Red camo is the latest colour scheme to hit the markets and if you don’t understand why then it can seem ridiculous on first consideration but there is most certainly a method to the madness. The colour red turns to a very dark brown after about 5 – 7m, the deeper you go the darker the brown gets. The idea with the red wetsuits is that you can hunt reefs effectively while being highly visible on the surface. They look wild but we like them.
This suit is made by a company called Yazbeck and can learn more here:
HECS Wetsuits and stealth technology:
By far the biggest innovation to hit the camo wetsuit market for the past 20 years and we absolutely love it!
Stealth technology is designed on the principles we know about how fish detect their prey and predators. Fish generally have a mix of sensory input to help them target their food while avoid being eaten and HECS have developed a technology which exploits this.
Specifically ‘Electroreception’ is the biological ability to perceive natural electrical stimuli. It has been observed almost exclusively in aquatic or amphibious animals, since salt-water is a much better conductor than air and many fish use electric fields to detect buried prey etc.
The HECS suit technology has a micro wire mesh built into the neoprene that blocks your body’s electrical field meaning you are effective radar invisible to the fish around you. As fish tend to have poor eyesight this gives you a massive edge when hunting as it allows you to get closer than ever before.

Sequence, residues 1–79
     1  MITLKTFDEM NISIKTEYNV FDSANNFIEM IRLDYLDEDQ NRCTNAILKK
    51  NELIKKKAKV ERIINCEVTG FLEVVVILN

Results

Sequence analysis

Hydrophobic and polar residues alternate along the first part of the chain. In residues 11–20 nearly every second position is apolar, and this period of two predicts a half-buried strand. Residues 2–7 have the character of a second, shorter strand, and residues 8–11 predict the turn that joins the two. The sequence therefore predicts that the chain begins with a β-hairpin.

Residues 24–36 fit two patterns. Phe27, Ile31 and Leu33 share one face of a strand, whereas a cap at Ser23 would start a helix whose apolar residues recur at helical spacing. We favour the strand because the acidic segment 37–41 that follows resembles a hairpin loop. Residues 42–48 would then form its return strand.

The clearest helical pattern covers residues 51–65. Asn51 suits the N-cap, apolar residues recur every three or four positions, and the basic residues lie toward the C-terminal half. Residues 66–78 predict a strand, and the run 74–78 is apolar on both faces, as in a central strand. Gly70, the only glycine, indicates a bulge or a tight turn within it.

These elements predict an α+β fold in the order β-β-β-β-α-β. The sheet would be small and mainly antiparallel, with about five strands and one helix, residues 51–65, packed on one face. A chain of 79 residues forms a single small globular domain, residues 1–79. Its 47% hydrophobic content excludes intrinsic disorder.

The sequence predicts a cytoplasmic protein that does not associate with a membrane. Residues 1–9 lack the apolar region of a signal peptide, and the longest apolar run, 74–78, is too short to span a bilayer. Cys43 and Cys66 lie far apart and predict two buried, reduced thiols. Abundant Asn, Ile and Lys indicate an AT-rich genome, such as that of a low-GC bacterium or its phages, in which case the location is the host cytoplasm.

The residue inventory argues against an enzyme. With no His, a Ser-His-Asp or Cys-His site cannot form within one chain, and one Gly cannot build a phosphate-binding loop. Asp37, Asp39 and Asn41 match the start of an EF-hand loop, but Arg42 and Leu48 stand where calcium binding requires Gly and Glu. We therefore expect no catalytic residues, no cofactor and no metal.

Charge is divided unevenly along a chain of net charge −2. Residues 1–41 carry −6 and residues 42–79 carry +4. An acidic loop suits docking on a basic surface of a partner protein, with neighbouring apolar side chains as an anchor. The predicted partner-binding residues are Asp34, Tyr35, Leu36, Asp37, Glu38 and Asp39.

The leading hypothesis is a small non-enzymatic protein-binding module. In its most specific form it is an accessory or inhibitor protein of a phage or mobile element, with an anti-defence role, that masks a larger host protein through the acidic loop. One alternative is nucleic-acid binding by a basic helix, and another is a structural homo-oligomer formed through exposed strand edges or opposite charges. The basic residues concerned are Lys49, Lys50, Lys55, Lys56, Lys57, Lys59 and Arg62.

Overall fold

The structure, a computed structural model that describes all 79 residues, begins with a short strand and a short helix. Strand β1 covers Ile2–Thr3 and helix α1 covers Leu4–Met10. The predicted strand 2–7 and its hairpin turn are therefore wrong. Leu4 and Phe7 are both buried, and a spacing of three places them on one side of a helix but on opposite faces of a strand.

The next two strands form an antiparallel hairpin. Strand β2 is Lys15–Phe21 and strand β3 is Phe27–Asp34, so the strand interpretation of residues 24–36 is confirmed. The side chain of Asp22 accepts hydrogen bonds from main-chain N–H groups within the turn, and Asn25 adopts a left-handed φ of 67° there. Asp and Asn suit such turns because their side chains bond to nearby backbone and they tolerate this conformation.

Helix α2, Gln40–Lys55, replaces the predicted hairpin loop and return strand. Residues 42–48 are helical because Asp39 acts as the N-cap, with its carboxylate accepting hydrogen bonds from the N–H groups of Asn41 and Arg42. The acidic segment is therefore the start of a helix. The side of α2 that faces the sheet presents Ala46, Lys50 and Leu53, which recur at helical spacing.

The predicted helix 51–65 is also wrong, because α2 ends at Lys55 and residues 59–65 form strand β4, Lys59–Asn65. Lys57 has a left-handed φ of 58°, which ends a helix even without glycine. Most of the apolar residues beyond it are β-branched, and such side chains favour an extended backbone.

On the flip side and most importantly to many people, it works on sharks as well. Sharks massively use electroreception to detect their prey and this cuts right through their main system for hunting. Nothing is 100% off course but it’s a huge step in the right direction for a non-lethal defence against the toothy critters we share the ocean with.
You can click here to learn more about HECS wetsuits
If you need help or advice choosing the right wetsuit for you then please don’t hesitate to get in touch. As always we stock the brands and products that we do simple because in our experience they are the most effective and durable offerings on the ‘global’ market.
If any of these brands are new to you, then you are not alone as its mostly the European names that you see in the dive shops. We urge you to do your own research and check the online reviews available to everyone. Its the best way to be sure you’re making a non-bias and well informed decision 🙂